History and Geography

"Scrophula," like "scurvy" and "syphilis," is not a term that was used by the ancients. Whereas there may be special reasons why the latter two were unknown (a distribution to the north of the ancient Mediterranean and a possible Columbian origin, respectively), there seems to be no reason to suspect that scrofula was a new disease. Or, at least, so it seemed to many of the humanist doctors of the Renaissance, trying to reconstitute Greek medicine. In fact, the best they could do in the case of scrofula was to claim that one of its chief symptoms, tumors in the neck, was to be identified with the struma of the classical physicians. But simple strumae in the ancient descriptions were not associated with the other features that Renaissance physicians knew were part of scrofula. But how did they "know" this? Where did their picture of scrofula come from?

The answer is that there were medieval descriptions of scrofula. Partly these came from a surgical tradition, which was less Hellenizing than the physicians' medicine of the Renaissance. And in part they came from a popular tradition in which scrofula was identified as the "King's Evil," and it was believed curable by the touch of a king. The essence of the medieval ceremony of touching in order to dispel the evil was that it demonstrated the quasi-sacerdotal nature of the office of kingship. The political advantages were clear, for a king, in performing the cure, showed that he was king in accordance with God's will. This was the important point in the seventeenth and eighteenth centuries, when the nature of scrofula was most energetically explored: The power of curing by the Royal Touch was a power vouchsafed by God only to the true line of kings. It could therefore be used to legitimate claim and accession to the throne. The kings of France continued to touch until the Revolution, and were emulated by other monarchs. In France and pre-Reformation England, the religious nature of the ceremony cemented the relationships and mutual stability of church and throne. It was a ceremony too miraculous for the taste of some Protestants, although the English Puritans at first tolerated it, and James I, although of a Calvinist background, found it increasingly expedient to use the Touch. But by the time of Charles I, his opponents saw it as a justification of absolute royal rule by a king who claimed to act as a representative of God. The Stuarts, whether on the throne or in temporary or permanent exile, continued to touch for the King's Evil, and their supporters continued to claim that their success in curing scrofula was a sure sign of their descent in the true line and thus the only legitimate monarchs. The Puritans and Parliamentarians saw the Touch as politically dangerous and tried to suppress it. Queen Anne was the last British monarch to use the Touch. The Hanoverians, as kings of political convenience, made no attempt to practice it, and their Whig supporters professed horror at a medieval and superstitious ritual.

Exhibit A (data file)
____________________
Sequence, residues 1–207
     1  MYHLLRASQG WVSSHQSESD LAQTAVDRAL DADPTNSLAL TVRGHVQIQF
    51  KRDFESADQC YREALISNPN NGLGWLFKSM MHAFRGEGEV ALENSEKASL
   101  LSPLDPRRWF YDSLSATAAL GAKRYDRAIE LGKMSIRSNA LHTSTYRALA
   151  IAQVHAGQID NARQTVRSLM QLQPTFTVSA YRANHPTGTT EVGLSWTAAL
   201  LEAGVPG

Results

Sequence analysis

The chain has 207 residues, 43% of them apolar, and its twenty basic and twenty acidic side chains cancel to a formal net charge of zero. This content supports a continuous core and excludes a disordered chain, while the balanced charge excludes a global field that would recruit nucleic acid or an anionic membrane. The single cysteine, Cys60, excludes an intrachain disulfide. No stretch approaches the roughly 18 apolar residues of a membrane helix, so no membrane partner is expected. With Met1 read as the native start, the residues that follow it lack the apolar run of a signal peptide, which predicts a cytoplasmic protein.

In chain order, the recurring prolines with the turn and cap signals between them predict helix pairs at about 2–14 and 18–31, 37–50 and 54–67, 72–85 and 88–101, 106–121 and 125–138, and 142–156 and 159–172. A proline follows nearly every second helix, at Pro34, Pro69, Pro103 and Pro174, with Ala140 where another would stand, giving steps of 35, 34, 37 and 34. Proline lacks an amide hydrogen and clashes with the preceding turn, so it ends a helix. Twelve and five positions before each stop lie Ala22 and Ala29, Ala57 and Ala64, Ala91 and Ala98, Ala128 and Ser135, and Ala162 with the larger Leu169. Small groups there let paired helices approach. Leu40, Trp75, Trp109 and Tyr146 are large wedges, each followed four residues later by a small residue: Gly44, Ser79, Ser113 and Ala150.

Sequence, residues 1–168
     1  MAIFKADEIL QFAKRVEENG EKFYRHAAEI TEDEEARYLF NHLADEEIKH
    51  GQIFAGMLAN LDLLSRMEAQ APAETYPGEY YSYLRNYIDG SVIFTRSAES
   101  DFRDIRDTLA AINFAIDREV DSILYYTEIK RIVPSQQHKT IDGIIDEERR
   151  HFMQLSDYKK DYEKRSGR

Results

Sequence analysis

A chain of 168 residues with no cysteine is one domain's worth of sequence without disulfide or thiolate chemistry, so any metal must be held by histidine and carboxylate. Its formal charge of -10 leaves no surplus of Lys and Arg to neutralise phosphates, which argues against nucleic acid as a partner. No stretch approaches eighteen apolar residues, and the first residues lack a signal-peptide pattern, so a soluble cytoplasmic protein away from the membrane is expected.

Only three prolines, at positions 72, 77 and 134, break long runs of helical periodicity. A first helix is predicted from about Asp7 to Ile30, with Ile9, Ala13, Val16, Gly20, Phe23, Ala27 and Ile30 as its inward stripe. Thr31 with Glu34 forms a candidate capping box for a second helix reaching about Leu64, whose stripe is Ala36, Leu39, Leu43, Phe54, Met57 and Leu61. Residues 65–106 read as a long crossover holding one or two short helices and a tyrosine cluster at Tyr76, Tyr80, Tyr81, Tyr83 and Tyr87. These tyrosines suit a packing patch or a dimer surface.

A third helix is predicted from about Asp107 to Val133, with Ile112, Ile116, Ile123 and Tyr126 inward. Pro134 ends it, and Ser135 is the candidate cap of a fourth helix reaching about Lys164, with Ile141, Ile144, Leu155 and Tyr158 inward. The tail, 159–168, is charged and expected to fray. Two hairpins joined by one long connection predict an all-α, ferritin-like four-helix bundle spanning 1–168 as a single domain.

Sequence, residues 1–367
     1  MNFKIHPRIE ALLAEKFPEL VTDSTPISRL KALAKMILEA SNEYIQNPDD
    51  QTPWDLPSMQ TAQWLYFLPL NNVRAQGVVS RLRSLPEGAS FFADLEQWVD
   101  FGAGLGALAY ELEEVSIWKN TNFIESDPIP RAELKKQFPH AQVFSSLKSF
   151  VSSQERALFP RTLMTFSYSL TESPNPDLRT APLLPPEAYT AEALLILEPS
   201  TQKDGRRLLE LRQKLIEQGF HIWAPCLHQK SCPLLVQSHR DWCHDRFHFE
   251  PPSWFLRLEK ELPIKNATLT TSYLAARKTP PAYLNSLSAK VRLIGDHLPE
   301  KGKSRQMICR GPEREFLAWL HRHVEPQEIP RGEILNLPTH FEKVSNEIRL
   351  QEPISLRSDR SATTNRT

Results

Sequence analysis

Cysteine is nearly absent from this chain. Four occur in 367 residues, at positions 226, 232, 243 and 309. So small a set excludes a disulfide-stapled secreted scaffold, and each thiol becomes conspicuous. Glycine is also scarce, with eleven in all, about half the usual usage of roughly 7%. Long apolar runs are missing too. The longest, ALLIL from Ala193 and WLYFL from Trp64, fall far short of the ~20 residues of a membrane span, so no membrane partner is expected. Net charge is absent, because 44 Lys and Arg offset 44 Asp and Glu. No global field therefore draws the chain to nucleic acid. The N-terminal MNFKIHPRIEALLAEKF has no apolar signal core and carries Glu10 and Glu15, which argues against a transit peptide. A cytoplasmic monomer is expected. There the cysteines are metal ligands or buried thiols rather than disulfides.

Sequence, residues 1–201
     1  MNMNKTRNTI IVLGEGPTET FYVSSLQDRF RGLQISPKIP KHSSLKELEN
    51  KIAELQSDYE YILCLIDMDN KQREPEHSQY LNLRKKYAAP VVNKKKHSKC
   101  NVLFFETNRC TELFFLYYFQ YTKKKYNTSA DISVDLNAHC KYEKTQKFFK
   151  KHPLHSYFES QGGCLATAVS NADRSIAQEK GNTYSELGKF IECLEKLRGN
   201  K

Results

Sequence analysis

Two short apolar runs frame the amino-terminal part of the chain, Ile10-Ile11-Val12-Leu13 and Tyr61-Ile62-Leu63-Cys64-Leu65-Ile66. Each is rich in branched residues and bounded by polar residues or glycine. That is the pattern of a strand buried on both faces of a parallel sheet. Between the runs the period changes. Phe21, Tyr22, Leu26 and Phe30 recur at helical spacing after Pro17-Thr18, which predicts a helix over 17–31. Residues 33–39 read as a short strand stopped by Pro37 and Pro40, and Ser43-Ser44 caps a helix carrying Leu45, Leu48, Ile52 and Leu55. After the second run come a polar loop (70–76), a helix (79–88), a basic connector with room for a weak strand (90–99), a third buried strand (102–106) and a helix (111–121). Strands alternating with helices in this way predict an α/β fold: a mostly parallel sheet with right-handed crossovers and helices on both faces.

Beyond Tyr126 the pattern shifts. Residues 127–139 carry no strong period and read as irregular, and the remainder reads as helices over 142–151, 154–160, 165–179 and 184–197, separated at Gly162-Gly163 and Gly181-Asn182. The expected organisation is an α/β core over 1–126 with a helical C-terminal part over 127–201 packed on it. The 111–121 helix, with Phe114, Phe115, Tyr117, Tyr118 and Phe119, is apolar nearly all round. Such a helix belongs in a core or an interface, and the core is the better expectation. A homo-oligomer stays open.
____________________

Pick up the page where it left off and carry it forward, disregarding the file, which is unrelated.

The strongest passions were aroused in the conflicts that surrounded the issue. Crowds pressing around the Stuart kings to receive the Touch contained thousands of individuals; and there is no need to emphasize that in the Civil War the questions that split families were ones of religion and personal salvation, and of liberties and duties on Earth. Because the King's Evil was intimately bound up with the person of the king, if we look for a "distribution" of scrofula -for example, by examining seventeenth-century medical works - we find abundant references to the disease in Britain and France. But elsewhere the texts may be completely silent about the disease. Thus in Holland, recently freed from the rule of an absolutist and Catholic monarch, and a republic of sorts, scrofula had no place in the medical consciousness. Nor did Italian or German medical men, with no national attachment to a true line of kings, have much reason to emphasize scrofula as a disease entity, but rather viewed its separated symptoms as different entities. By the eighteenth century, some medical reference works betray an Enlightenment embarrassment in identifying scrofula as a disease that had a nonmedical cure, the Touch. In discussing the disease, British writers of the eighteenth century drew on a tradition of literature that rested on the works of Richard Wiseman, surgeon to Charles II. In the earlier nineteenth century, with the disappearance of the French line of kings, scrofula continued to be identified, although perhaps more regularly in its adjectival form and applied to a symptom. The notion that lay behind the name did not long survive germ theory, when attention turned away from collections of symptoms to causative microorganisms.

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